With Theo in the driver’s seat, at the 7 day mark we traveled from home to my favorite gallery Heide MOMA, then to Dr Christelis for a checkup, and on to Castlemaine for a weekend. Google tells me we travelled 275km one way!

I held a handbag the whole weekend, didn’t have a seating aid (except during travel), went out for breki, lunch and dinner, enjoyed the ride in the car to surrounding towns (I was able to sing in the car which usually hurts), and even got back home in wonderful form to allow us to head out for the evening! Unheard of for me.

The end of the trial is marked by all of a few minutes of removing bandages and about a second that it took to slip the leads out of my body.

I know, wild!

Not so wild was the wait for my real deal implant. A whole 8 weeks!!! But I had residual lasting pain relief confirming my thoughts that this nerve monster is truly a cruel beast but an implant was the right idea.

Brain, can’t you just hold that pain-free thought- you know the one you’ve known most of my life?

(Get on with it Soula)

The implant

It was a great long nap… two hours approx. It’s such a treat to wake on my back and to sleep and sleep without pain interrupting. I did that, two decent days worth of just napping. Deep sleeps. Bliss!

I’ve written about Vicpain‘s approach in previous posts. I’ve only once experienced this level of care and patient/practitioner equality – the feeling that someone is paying attention to my situation and treating ME – a person.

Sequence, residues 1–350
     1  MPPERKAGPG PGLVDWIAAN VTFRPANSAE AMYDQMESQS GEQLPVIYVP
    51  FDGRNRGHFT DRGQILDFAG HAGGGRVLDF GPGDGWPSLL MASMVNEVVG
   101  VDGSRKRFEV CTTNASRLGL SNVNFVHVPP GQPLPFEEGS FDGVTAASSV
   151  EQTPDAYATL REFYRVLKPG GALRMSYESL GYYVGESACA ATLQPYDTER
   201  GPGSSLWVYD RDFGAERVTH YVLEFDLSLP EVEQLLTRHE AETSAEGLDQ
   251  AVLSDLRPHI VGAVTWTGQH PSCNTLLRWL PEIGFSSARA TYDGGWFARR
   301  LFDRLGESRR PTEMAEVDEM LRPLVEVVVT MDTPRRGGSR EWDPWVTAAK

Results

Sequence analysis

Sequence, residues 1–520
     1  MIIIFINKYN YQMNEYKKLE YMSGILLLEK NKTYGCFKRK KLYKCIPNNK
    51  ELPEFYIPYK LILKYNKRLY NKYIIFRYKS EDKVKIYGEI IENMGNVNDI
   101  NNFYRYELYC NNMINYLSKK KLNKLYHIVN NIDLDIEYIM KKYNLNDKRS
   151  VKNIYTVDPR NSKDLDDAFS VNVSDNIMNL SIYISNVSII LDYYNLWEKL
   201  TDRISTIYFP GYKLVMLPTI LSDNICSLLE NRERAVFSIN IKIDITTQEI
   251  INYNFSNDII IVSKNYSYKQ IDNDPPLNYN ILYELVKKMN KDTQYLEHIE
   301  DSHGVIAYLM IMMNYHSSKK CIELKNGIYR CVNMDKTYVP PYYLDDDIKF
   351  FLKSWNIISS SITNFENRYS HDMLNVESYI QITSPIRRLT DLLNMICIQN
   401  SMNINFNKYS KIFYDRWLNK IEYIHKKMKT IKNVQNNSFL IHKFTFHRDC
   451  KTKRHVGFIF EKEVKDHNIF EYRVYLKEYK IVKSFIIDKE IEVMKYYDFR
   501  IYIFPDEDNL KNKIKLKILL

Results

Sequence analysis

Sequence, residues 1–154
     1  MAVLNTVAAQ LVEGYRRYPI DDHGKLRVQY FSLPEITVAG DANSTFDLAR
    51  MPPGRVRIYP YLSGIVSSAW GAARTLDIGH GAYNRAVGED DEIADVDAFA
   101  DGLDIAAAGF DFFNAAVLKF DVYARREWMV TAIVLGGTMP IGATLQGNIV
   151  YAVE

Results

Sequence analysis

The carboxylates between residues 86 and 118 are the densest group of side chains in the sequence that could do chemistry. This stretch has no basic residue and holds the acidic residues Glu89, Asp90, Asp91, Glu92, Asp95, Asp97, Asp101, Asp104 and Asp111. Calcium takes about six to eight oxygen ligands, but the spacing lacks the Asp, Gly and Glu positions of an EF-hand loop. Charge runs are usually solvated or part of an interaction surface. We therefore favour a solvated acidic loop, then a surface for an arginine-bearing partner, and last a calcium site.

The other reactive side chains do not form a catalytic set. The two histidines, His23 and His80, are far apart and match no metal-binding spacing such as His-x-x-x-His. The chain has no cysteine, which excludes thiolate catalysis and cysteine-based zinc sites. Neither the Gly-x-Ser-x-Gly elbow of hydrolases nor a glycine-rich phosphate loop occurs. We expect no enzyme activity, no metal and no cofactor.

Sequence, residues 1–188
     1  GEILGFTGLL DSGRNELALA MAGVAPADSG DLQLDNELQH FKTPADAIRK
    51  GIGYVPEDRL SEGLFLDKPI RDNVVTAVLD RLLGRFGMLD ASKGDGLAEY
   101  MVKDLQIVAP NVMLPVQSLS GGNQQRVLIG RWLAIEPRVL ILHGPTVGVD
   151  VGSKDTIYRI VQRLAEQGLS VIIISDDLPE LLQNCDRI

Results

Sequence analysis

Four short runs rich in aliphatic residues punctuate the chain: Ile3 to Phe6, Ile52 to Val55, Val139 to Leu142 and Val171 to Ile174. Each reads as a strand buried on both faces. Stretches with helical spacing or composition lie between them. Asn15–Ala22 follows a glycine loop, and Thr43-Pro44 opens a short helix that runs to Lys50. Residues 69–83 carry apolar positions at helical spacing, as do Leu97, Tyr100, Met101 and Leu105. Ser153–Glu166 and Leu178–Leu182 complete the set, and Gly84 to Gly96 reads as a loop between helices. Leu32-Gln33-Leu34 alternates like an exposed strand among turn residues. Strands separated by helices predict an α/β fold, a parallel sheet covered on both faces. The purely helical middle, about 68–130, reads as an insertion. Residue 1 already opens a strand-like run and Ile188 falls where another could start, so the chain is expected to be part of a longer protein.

It was extra support to know that Vicpain‘s Dr Christelis, Dr Simon Cohen and Dr Tim Hucker work as a team. To put it in patient terms, these guys hang out together alot, even in theatre, learning, helping out with each other’s cases. That’s impressive.

From my very first appointment, to my prep for the trial and implant, to the very last blink before that sweet anaesthetic, and throughout my post op care, I heard a consistent manner and tone from Dr Christelis.

For both procedures, I saw Dr Christelis before theatre – in fact he sat with Theo and I and we went through the patient consent form together both times. Responsible much? Totally!

I knew exactly what Dr Christelis planned to do and planned to avoid, I heard the risks, and then I heard the plan again. Same warm tone, same open conversation… and there are handshakes and smiles galore. And Theo was kept in the loop at all times.